Can an orphan sloth that has been hand-reared in a rescue center in Central America survive after being released into the Costa Rican rainforest?
As humans, can we raise that baby in a way that equips it with the survival skills necessary to safely navigate the tropical rainforest treetops, to find its own food and to avoid predators like jaguars and harpy eagles? What about the sloths internal immune-system defences: will these be strong enough after being raised in a sterile environment?
There is only one way to find out, and so we are collaborating with the Jaguar Rescue Center foundation to do exactly that!
Although two-fingered sloths (Choloepus hoffmanni) and three-fingered sloths (Bradypus variegatus) are not globally threatened, they are now recognised to be animals of conservation concern in Costa Rica. In recent years there has been a rapid increase in the number of sloths arriving at wildlife rescue facilities in Central and South America. As a result, the successful rehabilitation and release of orphan sloths is of increasing importance in the conservation and management of the species.
Sloths are requiring frequent rescue due to the loss or fragmentation of their habitat (deforestation), disease, injury (often associated with traffic collisions, electrocutions or domestic dog attacks), death of a mother with dependent young, or the necessity to relocate a sloth away from a dangerous location. The primary aim of wildlife rehabilitation should always be to return each individual to the wild with maximum chances of survival whenever possible.
A release is generally considered to be a success if the animal integrates into the wild breeding population and reproduces.
The factors contributing to survival post-release are more complex for those sloths that have been orphaned and raised in captivity by humans compared to relocated or rehabilitated adults.
A baby sloth is thought to stay with the mother for a full 12 months, during which time it acquires the essential skills required to survive in the wild.
While many aspects of the sloth’s behaviour may be innate, certain skills must be learned. One such skill is knowing which leaves are safe to eat and where to find them in nature, and this is a crucial lesson that wildlife rehabilitators must research and overcome to ensure an orphan sloth survives post-release.
To date no published research studies have been carried out by biologists to determine the fate of rehabilitated, captive-reared or relocated sloths after release.
Although sloths have been hand-reared and set free into wild areas by numerous non-profit organisations and sanctuaries for over a decade, there has been no clear understanding of their fates because post-release monitoring with radio-telemetry has not been a common practice.
This is due in part to the logistical problems associated with monitoring a cryptic arboreal species in a dense tropical rainforest, and also due to the financial burden of purchasing radio-telemetry equipment for rescue centres who receive no government funding.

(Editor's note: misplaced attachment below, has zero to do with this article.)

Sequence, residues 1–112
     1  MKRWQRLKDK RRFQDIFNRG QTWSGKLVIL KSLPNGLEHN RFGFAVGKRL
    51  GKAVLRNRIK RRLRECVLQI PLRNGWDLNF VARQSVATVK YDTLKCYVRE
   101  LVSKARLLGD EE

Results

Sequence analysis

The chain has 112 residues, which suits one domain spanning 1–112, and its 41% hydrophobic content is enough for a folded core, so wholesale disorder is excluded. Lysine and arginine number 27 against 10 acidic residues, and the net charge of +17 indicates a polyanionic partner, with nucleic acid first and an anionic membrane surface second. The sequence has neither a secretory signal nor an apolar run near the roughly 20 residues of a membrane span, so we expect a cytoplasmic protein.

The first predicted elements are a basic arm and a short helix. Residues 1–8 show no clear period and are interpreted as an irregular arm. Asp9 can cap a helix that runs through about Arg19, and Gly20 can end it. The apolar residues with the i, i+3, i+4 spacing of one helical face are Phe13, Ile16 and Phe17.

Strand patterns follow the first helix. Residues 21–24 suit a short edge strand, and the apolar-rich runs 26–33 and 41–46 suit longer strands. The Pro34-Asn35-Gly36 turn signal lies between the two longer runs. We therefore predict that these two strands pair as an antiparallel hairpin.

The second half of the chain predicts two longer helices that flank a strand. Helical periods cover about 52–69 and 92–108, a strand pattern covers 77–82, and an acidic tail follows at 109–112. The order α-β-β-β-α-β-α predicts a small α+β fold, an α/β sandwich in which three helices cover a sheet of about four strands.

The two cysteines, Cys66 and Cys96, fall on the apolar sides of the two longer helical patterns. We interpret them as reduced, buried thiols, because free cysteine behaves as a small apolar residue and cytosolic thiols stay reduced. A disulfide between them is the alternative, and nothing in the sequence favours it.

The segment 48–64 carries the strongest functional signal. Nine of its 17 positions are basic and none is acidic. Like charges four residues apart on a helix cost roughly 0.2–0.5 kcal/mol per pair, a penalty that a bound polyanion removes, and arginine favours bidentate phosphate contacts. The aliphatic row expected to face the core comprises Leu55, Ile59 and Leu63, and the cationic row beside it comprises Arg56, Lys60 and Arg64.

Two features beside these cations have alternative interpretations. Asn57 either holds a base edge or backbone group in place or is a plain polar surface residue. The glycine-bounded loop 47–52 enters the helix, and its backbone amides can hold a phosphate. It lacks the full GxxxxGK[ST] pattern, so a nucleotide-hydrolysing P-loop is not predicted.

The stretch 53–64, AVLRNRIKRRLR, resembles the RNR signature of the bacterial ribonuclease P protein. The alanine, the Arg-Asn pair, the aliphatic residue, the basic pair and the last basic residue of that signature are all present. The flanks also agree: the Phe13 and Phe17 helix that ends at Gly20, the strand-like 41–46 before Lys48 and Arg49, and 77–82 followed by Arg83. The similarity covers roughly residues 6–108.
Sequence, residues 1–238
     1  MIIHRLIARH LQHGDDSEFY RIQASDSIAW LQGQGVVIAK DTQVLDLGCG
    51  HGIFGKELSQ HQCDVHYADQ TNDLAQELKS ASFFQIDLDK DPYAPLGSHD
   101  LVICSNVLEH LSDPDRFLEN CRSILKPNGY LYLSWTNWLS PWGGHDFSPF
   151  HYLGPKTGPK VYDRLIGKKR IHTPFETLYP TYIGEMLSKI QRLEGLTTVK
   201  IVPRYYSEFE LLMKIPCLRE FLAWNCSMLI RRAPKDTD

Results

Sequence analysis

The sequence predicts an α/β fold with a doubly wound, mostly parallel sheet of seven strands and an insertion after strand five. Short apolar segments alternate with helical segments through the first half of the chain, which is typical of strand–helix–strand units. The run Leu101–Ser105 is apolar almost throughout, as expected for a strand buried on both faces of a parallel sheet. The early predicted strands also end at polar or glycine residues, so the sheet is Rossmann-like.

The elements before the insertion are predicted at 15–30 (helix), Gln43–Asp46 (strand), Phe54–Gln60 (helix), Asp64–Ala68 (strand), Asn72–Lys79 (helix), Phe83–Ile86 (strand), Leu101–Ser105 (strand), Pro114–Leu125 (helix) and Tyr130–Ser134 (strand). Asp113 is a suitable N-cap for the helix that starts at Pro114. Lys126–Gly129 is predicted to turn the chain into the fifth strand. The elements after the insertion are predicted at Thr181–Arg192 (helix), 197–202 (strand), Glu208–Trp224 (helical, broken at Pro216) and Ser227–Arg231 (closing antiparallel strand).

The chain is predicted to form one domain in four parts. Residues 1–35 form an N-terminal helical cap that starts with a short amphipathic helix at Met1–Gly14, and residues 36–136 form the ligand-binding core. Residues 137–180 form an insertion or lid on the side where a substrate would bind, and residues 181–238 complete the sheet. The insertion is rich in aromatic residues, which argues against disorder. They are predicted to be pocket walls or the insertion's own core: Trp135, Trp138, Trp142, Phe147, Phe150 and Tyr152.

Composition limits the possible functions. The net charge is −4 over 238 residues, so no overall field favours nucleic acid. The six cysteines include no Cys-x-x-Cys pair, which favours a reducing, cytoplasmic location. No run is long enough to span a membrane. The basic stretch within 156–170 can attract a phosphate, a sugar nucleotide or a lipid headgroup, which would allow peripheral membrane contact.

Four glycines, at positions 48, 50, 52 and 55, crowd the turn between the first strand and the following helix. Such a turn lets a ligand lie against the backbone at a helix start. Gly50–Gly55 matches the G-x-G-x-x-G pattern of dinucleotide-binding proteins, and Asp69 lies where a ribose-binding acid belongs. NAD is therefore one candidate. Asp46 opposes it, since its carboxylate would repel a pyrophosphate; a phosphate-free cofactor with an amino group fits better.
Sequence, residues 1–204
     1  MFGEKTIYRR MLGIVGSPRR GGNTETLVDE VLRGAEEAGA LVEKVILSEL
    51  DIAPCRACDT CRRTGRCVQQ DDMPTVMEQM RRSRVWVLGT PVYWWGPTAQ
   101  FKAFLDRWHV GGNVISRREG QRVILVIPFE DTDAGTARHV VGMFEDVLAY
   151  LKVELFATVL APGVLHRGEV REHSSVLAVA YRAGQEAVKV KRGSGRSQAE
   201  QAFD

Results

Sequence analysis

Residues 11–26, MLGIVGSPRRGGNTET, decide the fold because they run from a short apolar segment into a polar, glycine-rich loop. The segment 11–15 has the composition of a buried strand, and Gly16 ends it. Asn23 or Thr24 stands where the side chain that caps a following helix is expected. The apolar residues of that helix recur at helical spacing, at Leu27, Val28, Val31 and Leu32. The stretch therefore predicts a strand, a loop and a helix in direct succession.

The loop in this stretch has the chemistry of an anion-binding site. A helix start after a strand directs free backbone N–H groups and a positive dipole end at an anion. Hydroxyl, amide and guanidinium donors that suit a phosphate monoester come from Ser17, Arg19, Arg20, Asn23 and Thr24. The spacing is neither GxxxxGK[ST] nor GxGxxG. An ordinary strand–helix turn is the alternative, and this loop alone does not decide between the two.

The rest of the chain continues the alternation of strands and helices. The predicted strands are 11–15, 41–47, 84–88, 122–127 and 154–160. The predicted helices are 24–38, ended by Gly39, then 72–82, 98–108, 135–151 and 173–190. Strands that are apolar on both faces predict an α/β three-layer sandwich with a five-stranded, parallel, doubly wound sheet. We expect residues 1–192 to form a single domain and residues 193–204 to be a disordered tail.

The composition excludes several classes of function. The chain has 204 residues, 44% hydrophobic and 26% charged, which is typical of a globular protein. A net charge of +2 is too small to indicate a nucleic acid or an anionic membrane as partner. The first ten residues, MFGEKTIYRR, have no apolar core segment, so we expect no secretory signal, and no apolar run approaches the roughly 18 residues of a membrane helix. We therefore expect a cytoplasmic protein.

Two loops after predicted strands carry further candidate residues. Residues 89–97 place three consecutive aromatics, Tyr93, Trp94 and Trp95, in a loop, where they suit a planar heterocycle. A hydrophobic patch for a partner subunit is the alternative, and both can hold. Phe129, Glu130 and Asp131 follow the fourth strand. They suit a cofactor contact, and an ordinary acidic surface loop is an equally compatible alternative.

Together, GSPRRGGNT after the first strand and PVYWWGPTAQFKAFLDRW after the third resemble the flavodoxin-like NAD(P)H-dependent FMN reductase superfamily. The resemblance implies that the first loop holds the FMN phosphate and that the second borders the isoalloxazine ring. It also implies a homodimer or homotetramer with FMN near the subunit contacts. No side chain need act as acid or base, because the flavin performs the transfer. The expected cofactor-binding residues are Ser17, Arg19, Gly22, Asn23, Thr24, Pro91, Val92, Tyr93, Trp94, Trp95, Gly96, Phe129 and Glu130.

Consequently, there is much debate over whether hand-reared sloths can survive in the wild at all with success, with some institutions and shelters choosing to maintain orphan sloths as permanently captive animals to ensure their safety.
With the increase in sloths arriving at animal rescue centres and the rapidly growing conservation concern for the species, it is becoming imperative that a standard protocol is established which enables organisations to achieve the optimum welfare outcome for each individual whatever that may be!
For sloths that do not have any physical impairments, disease or genetic problems, the ultimate goal of all wildlife rescue facilities needs to be to return these individuals back to the wild with long-term post release monitoring.
Post-release monitoring can be grouped into 3 broad data categories: survival, movement and behavioural data.
While most release efforts that utilise radio-telemetry typically only monitor the length of time an animal can be located in the wild, this can often leave it difficult to determine whether an animal’s death was due to natural causes, or because the animal was not properly prepared for release.
To effectively evaluate the success of a release protocol it is therefore important to combine data on the animal’s movement patterns and post-release behaviour with any changes in the overall physical condition of the animal and comparisons with similar data from wild populations.
Back to into the Wild
Here at SloCo we are incredibly excited to be involved in a long-term collaborative study to monitor and document the survival of radio-collared hand-reared sloths after being released from the Jaguar Rescue Center (JRC) on the Caribbean coast of Costa Rica.
The first 4 sloths in this project were all rescued as orphan babies (all very cute and weighing less than 600 grams) over 2 years ago. They have been equipped with VHF tracking collars and have successfully moved through the JRC’s state-of-the-art soft release enclosure.
This tropical jungle enclosure is built over 30 meters in the air at the top of a tree, surrounded by nature and is ideal for getting the sloths used to being up high in the rainforest canopy.
The doors were opened for the first time in May 2019, and each individual is being tracked and monitored for a minimum of 2 years. We will be publishing the results of this release project so that all organisations and individuals working in the rehabilitation of sloths can benefit and learn from the outcome. You can follow and share our progress updates as we post the stories on our blog!